In Gelman v. 1529439 Ontario, 2021 ONSC 424, Madam Justice Bernadette Dietrich denied a successful litigant’s claim for pre-litigation costs, following the rule set out in Greenlight Capital, Inc. v. Stronach (2008), 2008 CanLII 34359 (ON SCDC), 91 O.R. (3d) 241 (Div. Ct.). In doing so, Dietrich J. resurfaced 90 George Street Ltd. v. Ottawa-Carleton Standard, 2015 ONSC 336 in which pre-litigation costs for mediation were awarded in an arbitration and upheld on a post-award challenge. Those costs related to mediation imposed by the Condominium Act, 1998, SO 1998, c 19 which requires parties to mediate budget disagreements before undertaking arbitration and, as such, did not represent an exercise of discretion by the parties prior to commencing arbitration.
Albert Gelman Inc. in its capacity as trustee in bankruptcy (“Trustee”) prevailed in a summary judgment motion and sought costs, including pre-litigation costs incurred prior to the summary judgment motion. Defendants contested the scale of costs sought and argued against an award of pre-litigation costs.
At paras 17-25, Dietrich J. addressed Trustee’s claim for pre-litigation costs. Defendants relied on Greenlight Capital, Inc. v. Stronach (2008), 2008 CanLII 34359 (ON SCDC), 91 O.R. (3d) 241 (Div. Ct.) as a general principle that pre-litigation costs may not be included in a award of costs. Dietrich J. agreed with Defendants’ reliance but noted an exception in which parties were obliged by legislation to engage in dispute resolution before arbitration.
Dietrich J. referred to 90 George Street Ltd. v. Ottawa-Carleton Standard, 2015 ONSC 336 which involved, among others, a challenge to the arbitrator’s award of costs before the arbitration. In that 2015 decision, Mr. Justice Patrick Smith at paras 107-127 considered the challenge to the arbitrator’s award of costs and, at paras 112-114, considered the arbitrator’s inclusion of costs for mediation costs as part of those awarded. In his analysis, Smith J. also acknowledged the rule set out in Greenlight Capital, Inc. v. Stronach (2008), 2008 CanLII 34359 (ON SCDC), 91 O.R. (3d) 241 (Div. Ct.) but noted expressly that the legislation in the case before him imposed mediation and, being non-optional, qualified as “proper and appropriate”.
“ The Appellant argued that the case of Greenlight Capital, Inc. v. Stronach (2008), 2008 CanLII 34359 (ON SCDC), 91 O.R. (3d) 241 (Div. Ct.) [Greenlight] was an authority for the proposition that an award of costs prior to the commencement of a proceeding is a reversible error.
 A close reading of the decision however, indicates that the court in Greenlight held that an award for costs prior to the Notice of Application was an error principle (at para. 76).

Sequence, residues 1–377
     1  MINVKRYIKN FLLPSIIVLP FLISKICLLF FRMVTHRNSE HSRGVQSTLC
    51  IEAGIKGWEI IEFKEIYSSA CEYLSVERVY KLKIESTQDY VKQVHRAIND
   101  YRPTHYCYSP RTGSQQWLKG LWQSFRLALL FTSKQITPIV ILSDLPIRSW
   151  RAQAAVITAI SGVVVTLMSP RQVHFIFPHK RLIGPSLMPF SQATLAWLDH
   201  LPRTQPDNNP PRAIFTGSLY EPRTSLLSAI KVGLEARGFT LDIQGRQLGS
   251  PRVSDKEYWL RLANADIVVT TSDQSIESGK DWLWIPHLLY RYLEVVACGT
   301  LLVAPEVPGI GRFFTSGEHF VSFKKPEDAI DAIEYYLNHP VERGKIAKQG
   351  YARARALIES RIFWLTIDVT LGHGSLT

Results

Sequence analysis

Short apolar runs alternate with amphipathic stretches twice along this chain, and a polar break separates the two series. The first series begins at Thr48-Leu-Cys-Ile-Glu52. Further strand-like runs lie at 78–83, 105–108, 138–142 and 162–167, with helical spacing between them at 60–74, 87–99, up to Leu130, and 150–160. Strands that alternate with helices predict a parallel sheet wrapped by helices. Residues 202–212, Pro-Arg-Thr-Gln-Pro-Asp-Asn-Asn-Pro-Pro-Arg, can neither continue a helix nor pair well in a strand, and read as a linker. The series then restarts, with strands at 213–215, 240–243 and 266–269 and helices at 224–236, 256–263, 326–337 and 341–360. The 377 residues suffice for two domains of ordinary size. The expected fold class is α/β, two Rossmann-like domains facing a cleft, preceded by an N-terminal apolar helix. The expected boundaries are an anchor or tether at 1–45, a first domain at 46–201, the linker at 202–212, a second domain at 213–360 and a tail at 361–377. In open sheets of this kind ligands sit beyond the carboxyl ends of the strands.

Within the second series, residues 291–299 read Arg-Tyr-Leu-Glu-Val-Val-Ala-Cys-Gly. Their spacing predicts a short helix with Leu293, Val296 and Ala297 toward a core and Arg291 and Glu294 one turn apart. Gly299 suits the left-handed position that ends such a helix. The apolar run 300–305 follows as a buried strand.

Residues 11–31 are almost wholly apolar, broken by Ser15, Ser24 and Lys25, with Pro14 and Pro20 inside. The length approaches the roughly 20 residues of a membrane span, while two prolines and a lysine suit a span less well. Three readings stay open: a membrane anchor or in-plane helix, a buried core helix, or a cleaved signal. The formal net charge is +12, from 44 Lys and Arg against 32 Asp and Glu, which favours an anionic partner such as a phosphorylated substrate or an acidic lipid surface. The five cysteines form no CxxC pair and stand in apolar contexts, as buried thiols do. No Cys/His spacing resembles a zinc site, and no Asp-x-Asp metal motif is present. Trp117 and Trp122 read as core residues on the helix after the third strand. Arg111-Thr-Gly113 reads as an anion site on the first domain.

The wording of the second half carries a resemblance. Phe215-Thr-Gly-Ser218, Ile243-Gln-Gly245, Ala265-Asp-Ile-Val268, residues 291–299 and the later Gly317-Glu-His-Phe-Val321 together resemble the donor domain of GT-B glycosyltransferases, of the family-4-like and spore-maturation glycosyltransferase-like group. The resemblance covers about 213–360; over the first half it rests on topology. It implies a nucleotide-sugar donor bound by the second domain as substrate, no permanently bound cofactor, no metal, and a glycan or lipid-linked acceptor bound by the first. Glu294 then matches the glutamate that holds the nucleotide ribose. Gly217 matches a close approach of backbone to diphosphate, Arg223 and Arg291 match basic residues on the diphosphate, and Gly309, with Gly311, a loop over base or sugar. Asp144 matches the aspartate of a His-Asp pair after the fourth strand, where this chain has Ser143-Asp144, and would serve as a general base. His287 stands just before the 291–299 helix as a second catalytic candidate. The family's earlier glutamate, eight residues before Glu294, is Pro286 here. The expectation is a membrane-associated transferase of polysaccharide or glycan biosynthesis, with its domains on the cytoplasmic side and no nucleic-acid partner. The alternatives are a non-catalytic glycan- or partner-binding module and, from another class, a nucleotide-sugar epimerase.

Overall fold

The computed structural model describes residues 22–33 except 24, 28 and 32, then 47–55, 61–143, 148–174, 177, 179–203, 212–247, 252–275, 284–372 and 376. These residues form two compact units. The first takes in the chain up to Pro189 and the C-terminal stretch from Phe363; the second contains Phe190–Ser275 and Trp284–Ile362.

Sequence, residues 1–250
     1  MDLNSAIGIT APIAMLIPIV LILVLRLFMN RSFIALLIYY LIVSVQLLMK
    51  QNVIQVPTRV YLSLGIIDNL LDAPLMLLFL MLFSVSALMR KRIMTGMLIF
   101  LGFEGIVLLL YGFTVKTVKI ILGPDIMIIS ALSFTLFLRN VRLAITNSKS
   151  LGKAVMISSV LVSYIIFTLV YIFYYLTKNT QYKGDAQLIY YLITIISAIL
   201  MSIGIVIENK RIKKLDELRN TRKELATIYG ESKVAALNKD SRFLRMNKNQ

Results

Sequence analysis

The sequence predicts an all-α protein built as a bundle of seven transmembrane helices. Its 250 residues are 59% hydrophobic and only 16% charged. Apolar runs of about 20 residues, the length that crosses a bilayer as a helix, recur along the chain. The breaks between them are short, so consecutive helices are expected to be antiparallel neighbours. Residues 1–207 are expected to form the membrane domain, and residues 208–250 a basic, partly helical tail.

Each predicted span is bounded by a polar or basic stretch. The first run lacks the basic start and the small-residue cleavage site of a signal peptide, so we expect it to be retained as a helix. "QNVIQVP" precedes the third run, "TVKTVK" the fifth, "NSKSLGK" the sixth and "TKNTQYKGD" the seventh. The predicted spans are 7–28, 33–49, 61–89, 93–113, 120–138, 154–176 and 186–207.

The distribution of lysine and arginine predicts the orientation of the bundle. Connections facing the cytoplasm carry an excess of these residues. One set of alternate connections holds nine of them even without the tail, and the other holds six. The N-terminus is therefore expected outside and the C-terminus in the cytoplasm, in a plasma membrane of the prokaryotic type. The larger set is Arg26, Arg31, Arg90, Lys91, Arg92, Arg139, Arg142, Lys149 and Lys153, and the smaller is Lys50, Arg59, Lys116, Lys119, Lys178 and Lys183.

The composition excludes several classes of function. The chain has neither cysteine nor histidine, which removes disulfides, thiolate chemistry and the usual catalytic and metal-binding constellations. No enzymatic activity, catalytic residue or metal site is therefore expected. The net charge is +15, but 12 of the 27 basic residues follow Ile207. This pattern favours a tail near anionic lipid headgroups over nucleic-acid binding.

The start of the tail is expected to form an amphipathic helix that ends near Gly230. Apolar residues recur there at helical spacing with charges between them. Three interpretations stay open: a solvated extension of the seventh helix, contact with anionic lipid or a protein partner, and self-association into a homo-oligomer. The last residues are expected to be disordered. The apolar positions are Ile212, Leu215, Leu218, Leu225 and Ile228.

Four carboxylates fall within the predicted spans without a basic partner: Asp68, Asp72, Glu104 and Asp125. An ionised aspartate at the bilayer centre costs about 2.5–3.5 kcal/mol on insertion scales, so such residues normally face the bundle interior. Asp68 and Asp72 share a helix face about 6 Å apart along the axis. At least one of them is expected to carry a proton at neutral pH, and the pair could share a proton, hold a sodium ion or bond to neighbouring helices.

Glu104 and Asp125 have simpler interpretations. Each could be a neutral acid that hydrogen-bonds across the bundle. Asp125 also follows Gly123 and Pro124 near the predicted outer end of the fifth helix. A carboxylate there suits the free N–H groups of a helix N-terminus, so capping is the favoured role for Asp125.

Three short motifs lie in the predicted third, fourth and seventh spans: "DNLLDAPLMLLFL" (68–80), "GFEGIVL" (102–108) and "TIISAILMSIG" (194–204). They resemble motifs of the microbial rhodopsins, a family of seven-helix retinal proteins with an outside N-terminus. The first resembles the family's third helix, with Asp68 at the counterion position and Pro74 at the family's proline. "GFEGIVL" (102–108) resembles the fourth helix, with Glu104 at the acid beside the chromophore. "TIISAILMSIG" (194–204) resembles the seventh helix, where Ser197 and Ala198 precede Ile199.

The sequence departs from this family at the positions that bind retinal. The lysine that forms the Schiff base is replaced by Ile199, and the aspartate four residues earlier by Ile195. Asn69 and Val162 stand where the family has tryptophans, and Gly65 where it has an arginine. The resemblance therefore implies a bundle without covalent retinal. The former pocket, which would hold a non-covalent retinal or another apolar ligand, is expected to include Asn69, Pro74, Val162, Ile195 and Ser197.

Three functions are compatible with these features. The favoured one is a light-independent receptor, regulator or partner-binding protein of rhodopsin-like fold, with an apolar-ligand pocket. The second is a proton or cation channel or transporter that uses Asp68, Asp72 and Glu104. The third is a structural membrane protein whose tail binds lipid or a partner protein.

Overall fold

The [Condominium Act, 1998, SO 1998, c 19] requires parties to mediate budget disagreements before undertaking arbitration. As such, I find that the mediation process did not represent an exercise of discretion by the parties prior to commencing arbitration and for that reason costs encompassing the mediation are related to the arbitration process and are proper and appropriate and dismiss the appeal on this issue”.
Despite the precedent in the 2015 decision which relied on the Condominium Act and its legislated obligation to engage in mediation, Dietrich J. concluded it provided no assistance to the Trustee.
“ I find that the Trustee has not shown that any of the costs included in the “Pre-litigation Matters” section of its Bill of Costs, which it classifies generally as: a) information gathering; and b) review and analysis of relevant related proceedings, are costs that would be properly included in the award of costs payable by the defendants. I am not persuaded that all of the time described as pre-litigation costs was incidental to the Trustee’s claim against the defendants. Much of the time spent appears to relate to the principal creditor’s decision to petition the Bankrupt into bankruptcy. The defendants were not parties to the bankruptcy application and took no position on it. I also note that the Trustee did not seek recovery of these pre-litigation costs in its statement of claim or motion for summary judgment”.
She concluded by disallowing Trustee’s claimed “Pre-Litigation Matters” costs.
“ Nothing in the Trustee’s submissions persuades me that their pre-litigation costs for information gathering and review of related proceedings to determine their strategy for advancing their claims merit inclusion in the costs award. Accordingly, I decline to exercise my discretion to award those pre-litigation costs”.
urbitral notes – First, for Dietrich J.’s decision on the summary judgment application, see Albert Gelman Inc. v. 1529439 Ontario Limited, 2020 ONSC 7917.